Birds of a feather

Published 25 Sep 2020 
by Kate Thorburn

Pelicans in the driveway, thousands of kilometres from the sea…what exactly does Naree Station Reserve look like when birds come to breed?

A Yellow-billed Spoonbill (Platalea flavipes) on Naree Reserve, NSW. Photo by Roxane Francis.

A Yellow-billed Spoonbill (Platalea flavipes) on Naree Reserve, NSW. Photo by Roxane Francis.
A cacophony of sound with chicks of different sizes everywhere, adult birds going up and down like a highway to the swamp to get food….Nests on all different levels making the trees look like they are laden with exotic fruits...”

This is how one of Australia’s foremost waterbird experts Dr Richard Kingsford, Director of the Centre for Ecosystem Science at UNSW, remembers some of the previous bird breeding events at Bush Heritage’s Naree Station Reserve in north-western New South Wales.

The renowned river ecologist has been visiting Naree, Budjiti country, since 1986 as part of a long-term study tracking waterbird populations in the Murray-Darling Basin, which contains nearly half of all Australia’s colonial waterbird breeding habitat (‘colonial’ meaning birds that breed and nest in colonies).

A couple of years ago, his team published a paper that found waterbird numbers in the Murray-Darling Basin have dropped by about 70% over the last three decades, due mainly to increasing water extraction and reduced flooding, as well as drought.

Colonial waterbirds breed opportunistically in response to floods and flows that fill up the wetlands and swamps in which they build their nests.

Such events are rare, but this year, Naree and surrounds were in luck. At the time of writing, the reserve’s swamps are full, a rare sight since Bush Heritage purchased the ex-sheep and cattle station eight years ago.

Adult Great Cormorants and chick on Naree Reserve, NSW. Photo Roxane Francis.

Adult Great Cormorants and chick on Naree Reserve, NSW. Photo Roxane Francis.

Big rains at the start of Autumn, including 116 millimetres in one day, one of the single biggest falls in the area for a generation, filled the reserve’s ephemeral swamps, while good flows down the Warrego River flushed fresh water into the Cuttaburra Creek system, filling Naree’s alluvial floodplains.

For Reserve Manager Greg Carroll, who lives and works on Naree full-time, the transformation was immediate and like nothing he’d seen there before.

“I started noticing all these different waterbirds, birds that I don’t normally see here,” says Greg. “They were turning up because there was water but they were also turning up because there was lots of food.”

The Pelicans were first to arrive, taking to the water in their hundreds. Then came all the ducks, Yellow-billed and Royal Spoonbills, Great Cormorants, Terns and Black Swans.

“I hadn’t seen Black Swans here before but near the homestead there was a swamp that’s never usually full and there were Black Swans paddling around it with their cygnets following behind them.”

University of New South Wales PhD student Roxane Francis, who is supervised by Dr Kingsford, headed out to Naree a few weeks after this initial influx to check up on the breeding activity.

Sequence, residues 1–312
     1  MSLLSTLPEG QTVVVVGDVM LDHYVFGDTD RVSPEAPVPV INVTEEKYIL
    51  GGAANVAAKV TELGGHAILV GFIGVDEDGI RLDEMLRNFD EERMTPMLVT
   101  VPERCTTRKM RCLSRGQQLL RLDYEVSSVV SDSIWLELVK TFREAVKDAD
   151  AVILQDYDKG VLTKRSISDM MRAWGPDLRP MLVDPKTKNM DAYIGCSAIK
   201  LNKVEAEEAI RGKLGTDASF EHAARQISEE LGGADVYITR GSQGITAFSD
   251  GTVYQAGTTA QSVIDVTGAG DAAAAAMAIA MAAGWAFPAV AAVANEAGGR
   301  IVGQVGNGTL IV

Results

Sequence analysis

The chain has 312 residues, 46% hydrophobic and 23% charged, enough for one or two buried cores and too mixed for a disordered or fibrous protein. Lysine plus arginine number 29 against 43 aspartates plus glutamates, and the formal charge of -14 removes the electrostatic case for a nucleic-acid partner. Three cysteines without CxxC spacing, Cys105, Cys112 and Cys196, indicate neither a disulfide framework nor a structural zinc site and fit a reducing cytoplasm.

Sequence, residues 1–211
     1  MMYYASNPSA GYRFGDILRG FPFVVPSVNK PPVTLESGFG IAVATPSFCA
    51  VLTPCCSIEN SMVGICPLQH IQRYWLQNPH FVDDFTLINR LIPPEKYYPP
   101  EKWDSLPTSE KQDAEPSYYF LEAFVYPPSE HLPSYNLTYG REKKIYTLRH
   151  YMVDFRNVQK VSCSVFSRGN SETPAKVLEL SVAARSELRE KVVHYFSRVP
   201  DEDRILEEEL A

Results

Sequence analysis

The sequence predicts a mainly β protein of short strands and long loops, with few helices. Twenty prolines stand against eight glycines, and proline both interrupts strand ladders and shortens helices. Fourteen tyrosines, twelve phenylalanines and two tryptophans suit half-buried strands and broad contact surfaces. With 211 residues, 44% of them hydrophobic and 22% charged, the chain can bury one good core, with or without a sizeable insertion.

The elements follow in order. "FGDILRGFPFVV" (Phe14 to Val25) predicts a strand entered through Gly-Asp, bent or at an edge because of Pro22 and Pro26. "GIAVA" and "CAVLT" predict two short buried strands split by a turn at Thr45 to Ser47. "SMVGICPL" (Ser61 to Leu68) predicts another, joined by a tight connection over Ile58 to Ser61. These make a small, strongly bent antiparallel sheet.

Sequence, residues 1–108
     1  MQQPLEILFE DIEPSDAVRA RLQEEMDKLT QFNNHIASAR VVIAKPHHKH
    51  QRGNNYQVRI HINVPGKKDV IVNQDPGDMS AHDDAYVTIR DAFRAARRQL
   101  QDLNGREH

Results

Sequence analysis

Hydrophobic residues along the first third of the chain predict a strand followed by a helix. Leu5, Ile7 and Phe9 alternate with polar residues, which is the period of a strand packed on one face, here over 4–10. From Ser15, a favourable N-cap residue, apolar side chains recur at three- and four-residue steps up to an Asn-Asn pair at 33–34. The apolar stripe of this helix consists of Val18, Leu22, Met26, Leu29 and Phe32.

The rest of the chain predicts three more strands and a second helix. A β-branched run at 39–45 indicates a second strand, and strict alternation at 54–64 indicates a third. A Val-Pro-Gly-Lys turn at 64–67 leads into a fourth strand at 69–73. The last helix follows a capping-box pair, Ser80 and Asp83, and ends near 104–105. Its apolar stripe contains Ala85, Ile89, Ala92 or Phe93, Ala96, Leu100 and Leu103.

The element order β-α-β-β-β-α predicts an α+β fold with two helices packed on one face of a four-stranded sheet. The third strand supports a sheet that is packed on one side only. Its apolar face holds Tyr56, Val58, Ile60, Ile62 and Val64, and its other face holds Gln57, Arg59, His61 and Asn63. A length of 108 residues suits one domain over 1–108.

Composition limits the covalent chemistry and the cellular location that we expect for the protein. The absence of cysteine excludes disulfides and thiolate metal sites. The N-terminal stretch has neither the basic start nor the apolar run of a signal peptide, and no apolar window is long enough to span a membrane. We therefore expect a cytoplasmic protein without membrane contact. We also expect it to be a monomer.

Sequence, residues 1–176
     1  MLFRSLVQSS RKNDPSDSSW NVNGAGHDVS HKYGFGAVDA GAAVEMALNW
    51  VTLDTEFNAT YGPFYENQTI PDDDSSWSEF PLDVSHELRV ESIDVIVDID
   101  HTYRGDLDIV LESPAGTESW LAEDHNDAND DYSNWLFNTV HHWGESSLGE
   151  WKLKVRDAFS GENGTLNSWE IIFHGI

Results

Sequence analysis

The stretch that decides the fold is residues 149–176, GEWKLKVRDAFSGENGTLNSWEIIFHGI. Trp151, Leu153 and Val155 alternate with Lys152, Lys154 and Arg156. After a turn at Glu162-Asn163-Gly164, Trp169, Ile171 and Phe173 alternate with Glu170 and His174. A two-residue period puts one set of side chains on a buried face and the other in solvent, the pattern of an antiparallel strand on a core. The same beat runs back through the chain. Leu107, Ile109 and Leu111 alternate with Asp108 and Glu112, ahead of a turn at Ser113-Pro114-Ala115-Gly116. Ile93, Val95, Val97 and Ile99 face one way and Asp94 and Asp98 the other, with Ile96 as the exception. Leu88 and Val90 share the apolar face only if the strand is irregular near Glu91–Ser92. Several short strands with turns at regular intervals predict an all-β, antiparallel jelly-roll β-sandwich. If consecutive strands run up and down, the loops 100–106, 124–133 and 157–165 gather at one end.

“Some of the wetlands on Naree are enormous,” says Roxane. “Even if you stood on the edge and walked around the whole thing you still wouldn’t have a vantage point of the centre.”

In the past, scientists would have conducted surveys manually from a light aircraft or a kayak, but today Roxane does her surveys by drone, allowing her to gather high resolution images of nesting areas with minimal disturbance to wildlife.

Yantabulla Swamp, of which Naree Reserve is a part, after flooding in March 2020. Photo Kylie Fisher.

Yantabulla Swamp, of which Naree Reserve is a part, after flooding in March 2020. Photo Kylie Fisher.

From about 70 metres up, her drone takes photos every couple of seconds. A live view on her mobile device allows her to send the drone lower – to around 30 metres off the ground – when nests are spotted to get a better look.

From above, Roxane says Great Cormorant nests look like bullseyes – stacks of dark sticks ringed by white bird scat. Easy to spot.

“In your head it’s like ‘Oh, nests, they must be really hard to see from 70 metres in the air’, but Great Cormorants are quite a big bird so they make quite a big nest,” explains Roxane.

Later, the drone images are digitally stitched together and voila, a picture is born – what’s known in the field as an orthomosaic.

As well as determining breeding activity, these detailed grids will allow Bush Heritage to compare flood extent at Naree in the future.

This year, the reserve has claimed the title of outback bird nursery. Colonies of inky black Great Cormorants were recorded breeding on two of the seven wetlands surveyed, with 80 and 26 nests found in each.

Singular Black Swan and Black-winged Stilt nests were also recorded, as well as some juvenile Australian Darters which could have fledged on Naree or elsewhere.

“It’s not a massive breeding event but it’s a fair size,” says Roxane. “Considering that the area is semi-arid, it’s pretty special to get enough water in the region to have birds breeding.”